In September I had the pleasure of chairing the RICS Dilapidations Forum Conference in London, which was attended by around 400 delegates.
The conference took a different approach from previous years, with a much broader view of the state of the market, global influences, the trend for shared workspaces after the rapid expansion of WeWork – and inevitably Brexit. A few of the key themes from the day that stood out were: what dilapidations means in a global market; the growing preference for dispute resolution rather than litigation; and the challenges being faced in the retail sector.
It should be remembered that, although real-estate investment is an increasingly cross-continental business, there is no universal approach to dilapidations. In fact, outside the UK, Ireland and Australasia. 'dilapidations' is not a commonly used term.
Global markets have adopted inclusive leases that remove the need for dilapidations claims, with repair costs generally included in rents – leaving the landlord with the risk that they haven't allowed for enough to cover those costs in the rent they have set.
Conversely, repair costs in the UK fall to the tenant, making the market more attractive to investors as there are better mechanisms to recover their costs, and the lease is seen as being favourable to landlords. Even in countries where the emphasis is on the landlord to cover the cost of repairs, though, each jurisdiction has slightly different rules, so taking advice from specialist surveyors who have local knowledge is advisable.
Meanwhile attention is increasingly being paid to the role of alternative dispute resolution (ADR) in preference to lengthy litigation. In his keynote at the conference, Property Litigation Association chair Bryan Johnston talked about the need for surveyors and litigators to maintain strong relationships, stressing that parties should use ADR unless there is good reason not to.
In the UK tiered dispute resolution clauses are becoming more prevalent, though this is not reflected internationally, except in Spain where expert determination is used regularly to resolve disputes.
As advisers we have a duty to do what is best for our clients, and this often means resolving conflicts and disputes in the quickest and most cost-effective way possible. Avoiding court hearings reduces expert costs accelerates progress towards a resolution and avoids the public airing of laundry that comes with a hearing. Mediation and arbitration therefore appear to be a good option for resolving dilapidation disputes.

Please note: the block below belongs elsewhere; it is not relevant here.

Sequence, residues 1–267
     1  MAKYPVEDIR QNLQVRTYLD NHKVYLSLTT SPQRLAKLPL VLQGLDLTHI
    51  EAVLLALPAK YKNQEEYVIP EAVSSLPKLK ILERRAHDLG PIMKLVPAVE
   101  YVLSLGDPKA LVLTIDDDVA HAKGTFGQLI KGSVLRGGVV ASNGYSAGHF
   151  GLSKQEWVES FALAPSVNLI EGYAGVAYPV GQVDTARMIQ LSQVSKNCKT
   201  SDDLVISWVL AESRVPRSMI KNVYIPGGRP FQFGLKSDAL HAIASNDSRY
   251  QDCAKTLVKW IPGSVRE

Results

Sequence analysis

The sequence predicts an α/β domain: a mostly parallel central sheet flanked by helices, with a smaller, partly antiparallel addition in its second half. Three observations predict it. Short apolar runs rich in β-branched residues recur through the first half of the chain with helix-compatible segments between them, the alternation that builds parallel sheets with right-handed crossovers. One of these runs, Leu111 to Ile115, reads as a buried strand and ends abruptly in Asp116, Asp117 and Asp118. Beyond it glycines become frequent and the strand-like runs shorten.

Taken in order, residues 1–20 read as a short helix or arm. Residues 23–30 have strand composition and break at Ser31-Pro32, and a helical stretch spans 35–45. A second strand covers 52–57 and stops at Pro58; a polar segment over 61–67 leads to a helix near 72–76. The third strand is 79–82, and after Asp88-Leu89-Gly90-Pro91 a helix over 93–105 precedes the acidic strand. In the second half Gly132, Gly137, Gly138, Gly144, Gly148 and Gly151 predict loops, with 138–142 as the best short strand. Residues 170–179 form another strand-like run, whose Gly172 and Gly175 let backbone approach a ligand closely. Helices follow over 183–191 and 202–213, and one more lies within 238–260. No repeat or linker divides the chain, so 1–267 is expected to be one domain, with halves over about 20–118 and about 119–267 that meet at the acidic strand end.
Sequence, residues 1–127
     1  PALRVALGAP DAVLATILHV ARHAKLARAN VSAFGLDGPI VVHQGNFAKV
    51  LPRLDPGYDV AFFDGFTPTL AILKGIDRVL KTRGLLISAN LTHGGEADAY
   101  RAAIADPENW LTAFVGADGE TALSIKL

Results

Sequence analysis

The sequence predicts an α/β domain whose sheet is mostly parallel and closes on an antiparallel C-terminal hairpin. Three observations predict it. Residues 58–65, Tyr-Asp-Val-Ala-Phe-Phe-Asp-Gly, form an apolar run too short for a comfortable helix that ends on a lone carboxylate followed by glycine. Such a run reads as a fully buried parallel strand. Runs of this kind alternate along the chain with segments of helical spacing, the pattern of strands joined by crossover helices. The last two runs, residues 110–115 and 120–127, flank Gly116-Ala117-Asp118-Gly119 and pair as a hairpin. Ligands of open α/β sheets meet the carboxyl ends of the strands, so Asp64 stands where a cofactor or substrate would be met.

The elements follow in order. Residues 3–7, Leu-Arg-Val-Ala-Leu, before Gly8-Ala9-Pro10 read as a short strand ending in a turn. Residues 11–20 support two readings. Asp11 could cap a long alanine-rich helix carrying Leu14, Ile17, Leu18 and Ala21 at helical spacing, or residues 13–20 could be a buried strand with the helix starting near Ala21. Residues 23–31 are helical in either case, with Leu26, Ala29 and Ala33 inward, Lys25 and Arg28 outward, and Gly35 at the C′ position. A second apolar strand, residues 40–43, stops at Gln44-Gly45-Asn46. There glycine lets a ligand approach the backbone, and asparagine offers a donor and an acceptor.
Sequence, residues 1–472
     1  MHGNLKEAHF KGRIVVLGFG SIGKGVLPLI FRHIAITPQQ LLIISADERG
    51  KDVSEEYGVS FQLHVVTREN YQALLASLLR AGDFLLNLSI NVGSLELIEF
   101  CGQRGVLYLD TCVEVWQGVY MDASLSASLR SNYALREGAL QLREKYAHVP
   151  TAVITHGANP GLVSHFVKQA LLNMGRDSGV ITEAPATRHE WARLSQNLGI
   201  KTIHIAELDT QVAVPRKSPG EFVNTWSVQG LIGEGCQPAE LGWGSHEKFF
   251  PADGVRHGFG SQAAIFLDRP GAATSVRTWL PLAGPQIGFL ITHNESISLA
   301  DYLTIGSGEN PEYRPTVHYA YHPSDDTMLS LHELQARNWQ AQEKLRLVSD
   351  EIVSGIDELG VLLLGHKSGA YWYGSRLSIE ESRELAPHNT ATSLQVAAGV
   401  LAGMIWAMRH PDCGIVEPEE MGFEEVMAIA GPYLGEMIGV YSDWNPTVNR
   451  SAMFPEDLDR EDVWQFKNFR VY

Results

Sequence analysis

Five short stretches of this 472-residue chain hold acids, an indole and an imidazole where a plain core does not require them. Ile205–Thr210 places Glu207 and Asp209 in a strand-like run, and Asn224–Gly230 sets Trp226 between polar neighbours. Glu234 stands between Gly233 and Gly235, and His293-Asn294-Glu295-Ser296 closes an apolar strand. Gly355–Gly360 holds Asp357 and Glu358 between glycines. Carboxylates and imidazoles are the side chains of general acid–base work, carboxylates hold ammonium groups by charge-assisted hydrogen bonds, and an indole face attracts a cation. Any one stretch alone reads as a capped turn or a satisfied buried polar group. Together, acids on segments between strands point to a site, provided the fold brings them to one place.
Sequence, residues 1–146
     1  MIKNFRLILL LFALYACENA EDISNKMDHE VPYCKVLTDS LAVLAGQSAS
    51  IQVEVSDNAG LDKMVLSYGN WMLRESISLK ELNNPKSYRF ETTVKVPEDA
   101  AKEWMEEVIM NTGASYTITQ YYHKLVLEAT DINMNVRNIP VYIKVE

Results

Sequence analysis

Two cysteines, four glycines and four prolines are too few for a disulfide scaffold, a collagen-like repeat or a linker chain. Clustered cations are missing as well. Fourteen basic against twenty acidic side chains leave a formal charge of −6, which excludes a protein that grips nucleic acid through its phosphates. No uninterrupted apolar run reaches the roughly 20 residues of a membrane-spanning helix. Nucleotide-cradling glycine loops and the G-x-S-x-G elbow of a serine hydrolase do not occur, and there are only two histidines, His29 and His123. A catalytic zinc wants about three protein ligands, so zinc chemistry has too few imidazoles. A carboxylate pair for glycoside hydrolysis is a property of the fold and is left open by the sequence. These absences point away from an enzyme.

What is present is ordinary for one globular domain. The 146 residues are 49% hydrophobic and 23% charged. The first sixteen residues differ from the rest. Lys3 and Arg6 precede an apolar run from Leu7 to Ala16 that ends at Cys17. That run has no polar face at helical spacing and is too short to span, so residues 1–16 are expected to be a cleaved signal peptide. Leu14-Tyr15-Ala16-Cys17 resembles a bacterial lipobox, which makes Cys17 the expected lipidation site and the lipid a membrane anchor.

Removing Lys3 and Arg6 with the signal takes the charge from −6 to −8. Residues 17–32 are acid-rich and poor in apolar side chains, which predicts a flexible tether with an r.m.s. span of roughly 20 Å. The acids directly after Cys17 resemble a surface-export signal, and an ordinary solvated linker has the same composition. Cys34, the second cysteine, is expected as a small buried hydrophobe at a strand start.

Elsewhere though, news has not been so positive. As the retail sector has continued to struggle, it has had a number of impacts on the dilapidations process for retail property because the two have always gone hand in hand. In a panel session Graham Chase of Chase & Partners. RICS chief economist Simon Rubinsohn and Tom Sleigh of Colliers International told us a tale of mixed fortunes. Both the retail and mid-market restaurant sectors continue to struggle, which increases the pressure on landlords to recoup costs via the dilapidations process.
On average, it is now taking 340 days to let a shop, and around three years to let a retail unit of more than 930m2. By the third quarter of 2019, too, more retail units had closed than the total of 2481 for 2018. Many landlords are thus considering repositioning their high street and other retail assets. On the flip side, flexible office and retail space is in high demand, and converting units to respond to this interest will enable landlords to let them much more quickly. However, this has an impact on the way they go about claiming dilapidations from outgoing retail or leisure occupiers.
Reflecting on the conference, I think that we should always keep our clients' commercial endeavours in mind. They don't pay us to score points and engage in expensive ego-fuelled debates over trivial matters. We should all strive to understand the bigger picture, providing relevant, commercial advice that gets a deal done at the right time and at the right level.
Related competencies include: Landlord and tenant